It is always an honor to share a little bit about who I am and, at the same time, get to know you in return. I’ve told you all about my heritage as a proud Mexican woman and where my knowledge of earth-derived ingredients stems from. However, as much as I have shared, there’s a great deal you don’t know—and I’d like to disclose additional parts of my story now, in light of the 2020 Presidential election.
I came to the US when I was 6-years-old. Some folks assume I am a naturalized citizen, others think I’m a DACA because of my Mother’s Mexican citizenship*, but I’m neither. Because of my American father, I was granted automatic US citizenship when I was born. Curt and I shared similar backgrounds in our upbringings and values since we were both raised in military families.
My birth father was in the US Marines when I was born, and my Dad, (the man who raised me) was a Chief Petty Officer in the US Navy when he retired. Curt’s father was a General in the US Air Force, and we were both brought up to believe in strong character, steadfast morals, and deep respect for others and our nation.
During my career, I worked for a large military contractor, held a Secret Clearance, and met with Generals, Admirals, Commanding Officers, and other top-ranking officials with high-level government clearances inside the Pentagon and at major military bases across the United States. I have been privy to information that protected this country and its citizens, and yet, as a bi-racial Mexican woman, I did not feel protected under the current Administration.
Every time the President spoke about the “illegals,” the “illegitimates,” “rapists,” and “crooks” coming from Mexico, he might as well have stuck a dagger through my heart. Every time he tried to undercut DACA and the Dreamers, it hurt my soul. “These people” are my people, as much as every American is “my people.”
It was hard enough having the President make me feel like an intruder in my own country, and on top of that, he began attacking my son’s freedom as a gay man.
My son has fought hard for his rights and those in the LGBTQ community. It was terrifying to watch the foundation of everything they fought for shake under the threat of the Administration.
We are 100% minority woman-owned, and our small but mighty team consists of seven women and two men, including Curt. We also have two daughters, and the lack of gender equality and respect for woman’s rights made us fearful for their futures.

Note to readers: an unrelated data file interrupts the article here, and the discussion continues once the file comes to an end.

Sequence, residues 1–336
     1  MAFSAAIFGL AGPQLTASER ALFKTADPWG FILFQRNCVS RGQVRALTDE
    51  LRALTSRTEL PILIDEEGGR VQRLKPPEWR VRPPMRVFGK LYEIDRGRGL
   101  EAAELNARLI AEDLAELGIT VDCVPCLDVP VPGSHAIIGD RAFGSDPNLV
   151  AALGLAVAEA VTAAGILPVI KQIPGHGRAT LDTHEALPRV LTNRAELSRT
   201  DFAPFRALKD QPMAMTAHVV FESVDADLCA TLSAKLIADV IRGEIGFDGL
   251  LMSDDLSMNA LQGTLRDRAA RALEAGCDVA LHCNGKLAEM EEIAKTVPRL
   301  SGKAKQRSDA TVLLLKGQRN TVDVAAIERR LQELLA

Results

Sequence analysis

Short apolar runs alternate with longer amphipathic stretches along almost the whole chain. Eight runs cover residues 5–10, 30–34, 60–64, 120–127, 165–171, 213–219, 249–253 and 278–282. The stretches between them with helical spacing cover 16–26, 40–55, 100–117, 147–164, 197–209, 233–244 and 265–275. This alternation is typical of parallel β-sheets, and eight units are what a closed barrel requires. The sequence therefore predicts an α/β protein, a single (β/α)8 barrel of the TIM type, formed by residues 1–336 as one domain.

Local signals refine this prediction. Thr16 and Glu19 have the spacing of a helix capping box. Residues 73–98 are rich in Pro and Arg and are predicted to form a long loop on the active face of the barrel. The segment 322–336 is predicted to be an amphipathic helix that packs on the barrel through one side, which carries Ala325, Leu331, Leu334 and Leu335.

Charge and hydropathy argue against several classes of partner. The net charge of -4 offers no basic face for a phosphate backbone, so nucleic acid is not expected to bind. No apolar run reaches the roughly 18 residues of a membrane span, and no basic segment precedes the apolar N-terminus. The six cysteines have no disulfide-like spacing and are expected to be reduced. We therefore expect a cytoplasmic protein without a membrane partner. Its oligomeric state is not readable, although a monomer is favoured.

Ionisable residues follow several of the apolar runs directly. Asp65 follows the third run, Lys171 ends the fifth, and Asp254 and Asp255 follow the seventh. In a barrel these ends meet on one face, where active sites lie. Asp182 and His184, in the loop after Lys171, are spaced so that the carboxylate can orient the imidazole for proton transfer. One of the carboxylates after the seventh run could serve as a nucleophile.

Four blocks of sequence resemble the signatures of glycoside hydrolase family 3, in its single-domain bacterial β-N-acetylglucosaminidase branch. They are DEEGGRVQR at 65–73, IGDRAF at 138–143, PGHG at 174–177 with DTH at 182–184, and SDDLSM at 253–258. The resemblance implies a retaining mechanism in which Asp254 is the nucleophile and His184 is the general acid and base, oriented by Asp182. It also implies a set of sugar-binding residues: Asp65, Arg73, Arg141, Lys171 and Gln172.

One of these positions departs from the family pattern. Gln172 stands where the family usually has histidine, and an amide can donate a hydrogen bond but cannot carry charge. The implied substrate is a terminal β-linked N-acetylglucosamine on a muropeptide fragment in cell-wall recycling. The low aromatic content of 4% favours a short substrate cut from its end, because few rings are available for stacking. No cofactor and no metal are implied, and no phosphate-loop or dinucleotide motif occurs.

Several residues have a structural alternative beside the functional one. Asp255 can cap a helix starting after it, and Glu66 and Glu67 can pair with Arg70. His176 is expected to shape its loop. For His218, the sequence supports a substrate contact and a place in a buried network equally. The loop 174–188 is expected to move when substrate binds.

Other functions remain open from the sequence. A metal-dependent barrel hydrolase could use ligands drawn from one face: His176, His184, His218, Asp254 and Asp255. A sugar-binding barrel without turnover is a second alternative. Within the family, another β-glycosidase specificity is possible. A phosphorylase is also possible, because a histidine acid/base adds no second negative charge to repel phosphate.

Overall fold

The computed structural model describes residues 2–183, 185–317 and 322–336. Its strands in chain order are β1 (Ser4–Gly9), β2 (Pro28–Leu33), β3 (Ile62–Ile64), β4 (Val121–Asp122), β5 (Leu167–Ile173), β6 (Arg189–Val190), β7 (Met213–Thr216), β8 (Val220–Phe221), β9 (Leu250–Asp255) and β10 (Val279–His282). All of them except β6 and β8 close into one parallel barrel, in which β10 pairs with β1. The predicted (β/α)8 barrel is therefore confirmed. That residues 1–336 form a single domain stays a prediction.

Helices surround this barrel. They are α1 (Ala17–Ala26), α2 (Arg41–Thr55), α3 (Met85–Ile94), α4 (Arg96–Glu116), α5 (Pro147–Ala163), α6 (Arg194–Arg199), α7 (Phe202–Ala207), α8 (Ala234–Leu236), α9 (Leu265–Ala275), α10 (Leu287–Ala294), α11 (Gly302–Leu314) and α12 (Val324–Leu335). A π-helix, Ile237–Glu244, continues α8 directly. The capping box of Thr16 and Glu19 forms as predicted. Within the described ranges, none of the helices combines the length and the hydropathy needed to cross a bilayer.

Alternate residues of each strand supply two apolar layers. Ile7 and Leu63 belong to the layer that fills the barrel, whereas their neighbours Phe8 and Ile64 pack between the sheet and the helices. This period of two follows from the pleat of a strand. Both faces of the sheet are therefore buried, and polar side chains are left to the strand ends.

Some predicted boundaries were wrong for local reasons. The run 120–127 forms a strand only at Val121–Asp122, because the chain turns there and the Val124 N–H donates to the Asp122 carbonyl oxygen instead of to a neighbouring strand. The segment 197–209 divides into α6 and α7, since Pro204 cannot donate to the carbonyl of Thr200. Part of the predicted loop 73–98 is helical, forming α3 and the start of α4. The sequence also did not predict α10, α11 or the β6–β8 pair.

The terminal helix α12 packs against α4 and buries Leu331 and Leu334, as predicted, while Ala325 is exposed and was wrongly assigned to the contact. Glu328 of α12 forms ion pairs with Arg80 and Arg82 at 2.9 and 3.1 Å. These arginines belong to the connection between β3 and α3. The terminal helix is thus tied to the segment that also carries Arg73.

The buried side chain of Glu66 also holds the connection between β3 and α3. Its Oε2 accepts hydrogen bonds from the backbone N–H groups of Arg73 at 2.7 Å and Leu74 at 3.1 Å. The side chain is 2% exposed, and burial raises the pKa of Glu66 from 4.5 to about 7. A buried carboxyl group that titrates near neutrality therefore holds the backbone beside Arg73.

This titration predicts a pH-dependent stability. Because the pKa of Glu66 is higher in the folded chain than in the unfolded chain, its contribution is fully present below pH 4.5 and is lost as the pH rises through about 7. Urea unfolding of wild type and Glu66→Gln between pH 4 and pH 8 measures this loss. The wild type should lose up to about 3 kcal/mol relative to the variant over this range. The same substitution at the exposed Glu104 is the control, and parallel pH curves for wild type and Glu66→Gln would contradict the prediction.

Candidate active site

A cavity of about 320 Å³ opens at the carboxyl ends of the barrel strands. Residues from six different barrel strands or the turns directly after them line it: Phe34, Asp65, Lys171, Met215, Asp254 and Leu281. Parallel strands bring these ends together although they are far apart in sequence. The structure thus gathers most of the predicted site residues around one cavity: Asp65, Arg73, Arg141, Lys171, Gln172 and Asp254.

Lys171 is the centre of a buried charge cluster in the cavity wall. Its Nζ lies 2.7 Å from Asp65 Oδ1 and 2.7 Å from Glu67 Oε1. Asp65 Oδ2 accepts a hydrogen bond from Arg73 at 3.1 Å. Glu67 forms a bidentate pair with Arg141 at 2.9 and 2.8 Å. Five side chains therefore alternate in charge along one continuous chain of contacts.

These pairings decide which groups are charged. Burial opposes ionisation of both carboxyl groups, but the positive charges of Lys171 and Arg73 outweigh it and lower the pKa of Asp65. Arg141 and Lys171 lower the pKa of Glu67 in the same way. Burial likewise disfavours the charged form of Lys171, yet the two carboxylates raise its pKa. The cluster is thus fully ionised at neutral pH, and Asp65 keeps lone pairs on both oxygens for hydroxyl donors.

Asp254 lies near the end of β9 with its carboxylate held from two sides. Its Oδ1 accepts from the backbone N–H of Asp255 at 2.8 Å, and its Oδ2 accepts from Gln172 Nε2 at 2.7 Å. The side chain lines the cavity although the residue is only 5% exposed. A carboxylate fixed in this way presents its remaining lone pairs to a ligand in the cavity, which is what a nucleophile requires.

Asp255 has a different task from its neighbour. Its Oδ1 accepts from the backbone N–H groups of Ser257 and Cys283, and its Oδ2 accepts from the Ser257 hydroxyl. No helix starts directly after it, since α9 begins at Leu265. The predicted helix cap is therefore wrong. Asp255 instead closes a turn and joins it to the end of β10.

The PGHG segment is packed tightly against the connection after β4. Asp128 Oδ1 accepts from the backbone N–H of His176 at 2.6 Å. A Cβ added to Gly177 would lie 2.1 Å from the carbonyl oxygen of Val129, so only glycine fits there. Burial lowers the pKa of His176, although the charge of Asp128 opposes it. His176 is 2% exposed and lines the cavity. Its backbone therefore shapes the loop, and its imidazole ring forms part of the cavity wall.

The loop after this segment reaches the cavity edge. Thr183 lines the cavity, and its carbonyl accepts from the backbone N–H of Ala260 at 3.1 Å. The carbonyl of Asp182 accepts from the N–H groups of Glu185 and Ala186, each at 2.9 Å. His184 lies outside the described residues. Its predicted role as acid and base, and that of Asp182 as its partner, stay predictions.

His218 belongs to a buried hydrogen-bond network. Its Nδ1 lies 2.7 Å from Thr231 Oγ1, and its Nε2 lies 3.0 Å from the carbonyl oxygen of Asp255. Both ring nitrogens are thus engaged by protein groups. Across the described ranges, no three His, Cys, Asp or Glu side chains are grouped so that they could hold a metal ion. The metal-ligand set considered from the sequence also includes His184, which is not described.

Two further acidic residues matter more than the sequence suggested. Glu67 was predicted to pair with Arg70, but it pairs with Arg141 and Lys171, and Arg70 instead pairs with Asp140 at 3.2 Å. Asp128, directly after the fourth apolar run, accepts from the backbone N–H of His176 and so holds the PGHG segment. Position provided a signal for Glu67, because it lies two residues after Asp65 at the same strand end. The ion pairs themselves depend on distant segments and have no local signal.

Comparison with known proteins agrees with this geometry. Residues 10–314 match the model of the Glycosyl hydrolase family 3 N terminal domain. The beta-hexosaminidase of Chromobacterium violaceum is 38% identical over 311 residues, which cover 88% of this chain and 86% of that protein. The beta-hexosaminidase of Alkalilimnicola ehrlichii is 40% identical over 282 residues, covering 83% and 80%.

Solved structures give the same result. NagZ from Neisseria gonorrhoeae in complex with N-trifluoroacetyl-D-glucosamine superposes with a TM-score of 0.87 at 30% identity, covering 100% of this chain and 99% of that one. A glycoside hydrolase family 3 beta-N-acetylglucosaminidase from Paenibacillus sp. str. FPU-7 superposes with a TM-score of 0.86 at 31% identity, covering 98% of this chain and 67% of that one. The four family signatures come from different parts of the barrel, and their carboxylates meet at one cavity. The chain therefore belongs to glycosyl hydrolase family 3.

I have no problem saying that out loud, but as a small business, we have been criticized for our vocalization, and we have lost customers.
In May, we took a stance on Black Lives Matter. We cried for George Floyd and his family. We cried for Breonna Taylor. We committed to fight systemic racism in this country and observe our unconscious biases.
In September, we mourned the loss of Ruth Bader Ginsberg, and this week, we expressed our joy over the election results in the name of unity. It felt right, but the inevitable messages came in through our social channels and emails, as they do every time: "Stay in your lane," "Unfollow," "Goodbye."
Sometimes we stop and ask ourselves, "Should we keep quiet? Are we out of line?"
We always come back to the same answer: "No."
Who we are as a business is who we are as human beings, and what would it say about us if we hide our values just to make a sale?
We believe in taking care of one another, open-mindedness, and an abundance of empathy. We are confident the new administration will bring back character, morals, and respect for others and our nation. We also believe in conversation, and if you disagree with us, feel free to engage in a meaningful way—but consider your words when you do so. There are real people behind this screen, and we probably have a lot more in common than you think.
We don’t know how to fix the divide in this country, but we know that we will continue to stand on this tiny platform and use the voice we have. No matter your race, gender, identity, ethnicity, or sexual orientation, you are loved. We see you. We stand with you. And if you’re still here, thank you for standing with us, too.
*My Mom did get her US citizenship. She called it her proudest day.